The utilization of next-generation sequencing to detect somatic mutations and predict clinical prognosis of Chinese non-small cell lung cancer patients
Received 3 November 2017
Accepted for publication 10 January 2018
Published 8 May 2018 Volume 2018:11 Pages 2637—2646
Checked for plagiarism Yes
Review by Single-blind
Peer reviewers approved by Dr Cristina Weinberg
Peer reviewer comments 4
Editor who approved publication: Dr William Cho
Liming Cao,1 Long Long,2 Min Li,1 Huaping Yang,1 Pengbo Deng,1 Xinru Mao,3 Jianxing Xiang,3 Bing Li,3 Tengfei Zhang,3 Chengping Hu1
1Department of Respiratory Medicine, Xiangya Hospital, Central South University, Changsha, Hunan, China; 2Department of Cardiothoracic Surgery, Xiangya Hospital, Central South University, Changsha, Hunan, China; 3Burning Rock Biotech, Guangzhou, China
Purpose: The development of next-generation sequencing (NGS) has revolutionized the understanding of oncogenesis of multiple types of cancer, including non-small cell lung cancer (NSCLC). However, there has been some debate over the utility of NGS for predicting patient prognosis and determining molecular targeted therapy. Therefore, we sought to demonstrate the numerous applications of NGS in the prognostic predictions and treatment of NSCLC patients.
Materials and methods: We performed NGS on either liquid or tissue tumor biopsies obtained from 53 NSCLC patients. The sequences were analyzed for oncogenic mutations, which were then correlated to clinical prognosis and smoking history.
Results: NGS of tumor biopsies detected both well-known driver mutations as well as rare or novel mutations. EGFR was the most frequently mutated gene, accounting for 32.4% (33/102) of the somatic mutations in this study. The EGFR mutations detected included rare variants such as EGFR exon 19 insertion (K745_E746insIPVAIK) and in cis H835L+L833V. Additionally, novel RET fusion mutations PCM1–RET and ADD3-RET were detected in two adenocarcinoma patients. To demonstrate the functional applications of NGS, we correlated mutations with patient characteristics, outcomes of matched targeted therapy, and outcomes based on allelic frequency of the EGFR-T790M mutation. Finally, we demonstrated that circulating tumor DNA can be used both to measure response to targeted therapy and as a predictor of clinical outcome, by presenting a case study of a single patient.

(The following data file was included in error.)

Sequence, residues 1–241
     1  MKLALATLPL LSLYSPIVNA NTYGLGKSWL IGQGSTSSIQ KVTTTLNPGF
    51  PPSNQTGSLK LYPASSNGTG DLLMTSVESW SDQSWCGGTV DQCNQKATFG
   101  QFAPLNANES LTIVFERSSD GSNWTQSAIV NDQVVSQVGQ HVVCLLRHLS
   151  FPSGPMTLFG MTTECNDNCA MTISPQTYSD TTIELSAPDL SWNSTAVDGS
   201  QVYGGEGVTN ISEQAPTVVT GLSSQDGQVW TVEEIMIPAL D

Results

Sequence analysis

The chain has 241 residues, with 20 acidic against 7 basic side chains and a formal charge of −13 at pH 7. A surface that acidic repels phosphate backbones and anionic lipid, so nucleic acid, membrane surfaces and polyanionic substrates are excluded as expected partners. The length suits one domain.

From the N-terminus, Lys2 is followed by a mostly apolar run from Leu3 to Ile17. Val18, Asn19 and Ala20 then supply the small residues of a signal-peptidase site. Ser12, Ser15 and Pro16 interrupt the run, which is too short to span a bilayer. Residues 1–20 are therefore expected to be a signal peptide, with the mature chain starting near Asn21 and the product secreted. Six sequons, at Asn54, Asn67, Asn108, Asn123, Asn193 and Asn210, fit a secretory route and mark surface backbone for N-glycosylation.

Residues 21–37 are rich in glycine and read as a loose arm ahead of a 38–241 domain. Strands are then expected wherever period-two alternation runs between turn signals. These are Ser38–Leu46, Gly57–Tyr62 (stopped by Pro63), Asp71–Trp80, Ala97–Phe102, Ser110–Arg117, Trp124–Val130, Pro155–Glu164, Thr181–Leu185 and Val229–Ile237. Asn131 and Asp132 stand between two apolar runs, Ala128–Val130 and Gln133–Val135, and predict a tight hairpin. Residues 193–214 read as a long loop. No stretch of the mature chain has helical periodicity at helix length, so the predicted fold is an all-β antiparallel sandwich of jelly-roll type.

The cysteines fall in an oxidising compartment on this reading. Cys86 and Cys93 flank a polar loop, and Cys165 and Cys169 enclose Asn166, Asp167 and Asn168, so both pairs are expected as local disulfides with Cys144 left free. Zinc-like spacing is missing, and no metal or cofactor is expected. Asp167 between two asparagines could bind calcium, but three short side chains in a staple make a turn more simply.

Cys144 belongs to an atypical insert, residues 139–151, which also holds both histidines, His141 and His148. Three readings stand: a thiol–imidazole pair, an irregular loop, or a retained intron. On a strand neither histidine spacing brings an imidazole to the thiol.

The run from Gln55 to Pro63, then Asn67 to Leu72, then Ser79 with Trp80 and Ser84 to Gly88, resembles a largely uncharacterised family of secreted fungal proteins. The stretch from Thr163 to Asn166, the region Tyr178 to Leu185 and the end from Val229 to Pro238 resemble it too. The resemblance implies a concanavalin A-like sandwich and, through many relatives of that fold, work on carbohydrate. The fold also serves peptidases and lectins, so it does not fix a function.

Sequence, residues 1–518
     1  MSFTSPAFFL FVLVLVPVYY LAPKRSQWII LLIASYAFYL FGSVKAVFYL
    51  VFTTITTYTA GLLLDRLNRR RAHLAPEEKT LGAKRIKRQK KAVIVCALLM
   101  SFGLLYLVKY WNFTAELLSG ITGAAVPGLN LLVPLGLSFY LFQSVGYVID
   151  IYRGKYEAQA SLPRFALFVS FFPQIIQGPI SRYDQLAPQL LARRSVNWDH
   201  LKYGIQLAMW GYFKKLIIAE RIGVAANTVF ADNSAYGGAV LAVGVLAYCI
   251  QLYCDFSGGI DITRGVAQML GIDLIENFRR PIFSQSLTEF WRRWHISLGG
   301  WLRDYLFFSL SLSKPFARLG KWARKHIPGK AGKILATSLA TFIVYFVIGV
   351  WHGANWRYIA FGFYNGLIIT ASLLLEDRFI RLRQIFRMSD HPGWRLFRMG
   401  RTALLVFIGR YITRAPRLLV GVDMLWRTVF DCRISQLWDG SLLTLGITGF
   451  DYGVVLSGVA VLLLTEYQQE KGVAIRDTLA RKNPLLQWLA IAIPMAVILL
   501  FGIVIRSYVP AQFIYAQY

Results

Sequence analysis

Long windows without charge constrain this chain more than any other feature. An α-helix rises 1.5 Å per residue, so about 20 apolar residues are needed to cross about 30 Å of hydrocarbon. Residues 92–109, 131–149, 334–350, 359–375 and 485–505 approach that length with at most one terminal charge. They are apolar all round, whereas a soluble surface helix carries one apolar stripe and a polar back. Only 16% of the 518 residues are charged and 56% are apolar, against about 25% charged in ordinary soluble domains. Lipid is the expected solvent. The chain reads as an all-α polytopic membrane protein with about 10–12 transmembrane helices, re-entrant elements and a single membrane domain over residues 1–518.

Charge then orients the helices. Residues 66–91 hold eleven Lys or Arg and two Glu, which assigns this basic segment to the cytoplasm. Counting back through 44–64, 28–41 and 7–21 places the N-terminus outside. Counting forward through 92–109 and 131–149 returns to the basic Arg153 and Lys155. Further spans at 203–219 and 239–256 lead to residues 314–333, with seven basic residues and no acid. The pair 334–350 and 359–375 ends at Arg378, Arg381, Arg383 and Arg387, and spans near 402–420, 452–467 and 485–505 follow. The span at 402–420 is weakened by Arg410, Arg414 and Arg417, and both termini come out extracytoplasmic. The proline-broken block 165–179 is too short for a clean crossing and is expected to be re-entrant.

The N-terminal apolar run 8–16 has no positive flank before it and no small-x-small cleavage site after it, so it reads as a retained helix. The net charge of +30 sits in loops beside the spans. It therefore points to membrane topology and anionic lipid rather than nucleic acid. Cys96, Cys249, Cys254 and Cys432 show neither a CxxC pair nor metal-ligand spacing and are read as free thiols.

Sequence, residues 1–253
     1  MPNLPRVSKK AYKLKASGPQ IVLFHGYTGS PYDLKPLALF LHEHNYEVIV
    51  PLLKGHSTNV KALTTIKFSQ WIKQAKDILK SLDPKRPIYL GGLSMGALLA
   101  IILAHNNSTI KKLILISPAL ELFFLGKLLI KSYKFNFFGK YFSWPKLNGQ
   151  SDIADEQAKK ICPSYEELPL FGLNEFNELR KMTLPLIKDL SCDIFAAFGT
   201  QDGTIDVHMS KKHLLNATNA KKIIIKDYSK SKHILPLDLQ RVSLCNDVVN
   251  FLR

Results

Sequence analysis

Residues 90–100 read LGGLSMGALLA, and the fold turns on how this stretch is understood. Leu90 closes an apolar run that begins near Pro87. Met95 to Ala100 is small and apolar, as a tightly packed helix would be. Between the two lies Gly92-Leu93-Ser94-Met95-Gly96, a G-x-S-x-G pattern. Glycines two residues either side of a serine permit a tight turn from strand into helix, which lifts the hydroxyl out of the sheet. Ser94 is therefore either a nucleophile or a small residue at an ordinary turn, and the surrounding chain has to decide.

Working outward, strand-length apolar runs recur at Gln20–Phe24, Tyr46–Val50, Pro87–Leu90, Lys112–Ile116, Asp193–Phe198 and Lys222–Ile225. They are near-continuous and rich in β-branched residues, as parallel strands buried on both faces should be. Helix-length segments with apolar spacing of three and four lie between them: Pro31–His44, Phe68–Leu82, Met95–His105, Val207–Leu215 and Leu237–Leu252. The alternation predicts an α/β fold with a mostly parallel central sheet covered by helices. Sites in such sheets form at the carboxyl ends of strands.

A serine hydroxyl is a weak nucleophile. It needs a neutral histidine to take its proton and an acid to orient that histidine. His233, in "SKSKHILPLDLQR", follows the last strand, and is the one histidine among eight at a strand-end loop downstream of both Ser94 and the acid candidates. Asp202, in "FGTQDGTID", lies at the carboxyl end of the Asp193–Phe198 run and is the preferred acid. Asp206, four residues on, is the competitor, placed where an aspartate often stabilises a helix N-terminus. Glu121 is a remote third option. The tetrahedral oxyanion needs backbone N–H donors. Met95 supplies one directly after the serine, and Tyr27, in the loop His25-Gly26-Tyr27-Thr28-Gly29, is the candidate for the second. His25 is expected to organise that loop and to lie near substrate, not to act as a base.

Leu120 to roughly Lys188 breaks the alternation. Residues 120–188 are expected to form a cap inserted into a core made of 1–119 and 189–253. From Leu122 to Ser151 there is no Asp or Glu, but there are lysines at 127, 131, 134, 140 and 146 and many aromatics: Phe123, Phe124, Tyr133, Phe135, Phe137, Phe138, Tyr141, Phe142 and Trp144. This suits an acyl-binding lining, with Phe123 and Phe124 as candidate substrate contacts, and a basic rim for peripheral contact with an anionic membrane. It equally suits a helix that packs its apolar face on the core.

Conclusion: We demonstrated that NGS can be used in multiple applications to effectively identify potential oncogenic driver mutations, guide mutation-targeted therapy decisions, and predict clinical outcomes in Chinese NSCLC patients.
Keywords: next-generation sequencing, non-small cell lung cancer, prognosis
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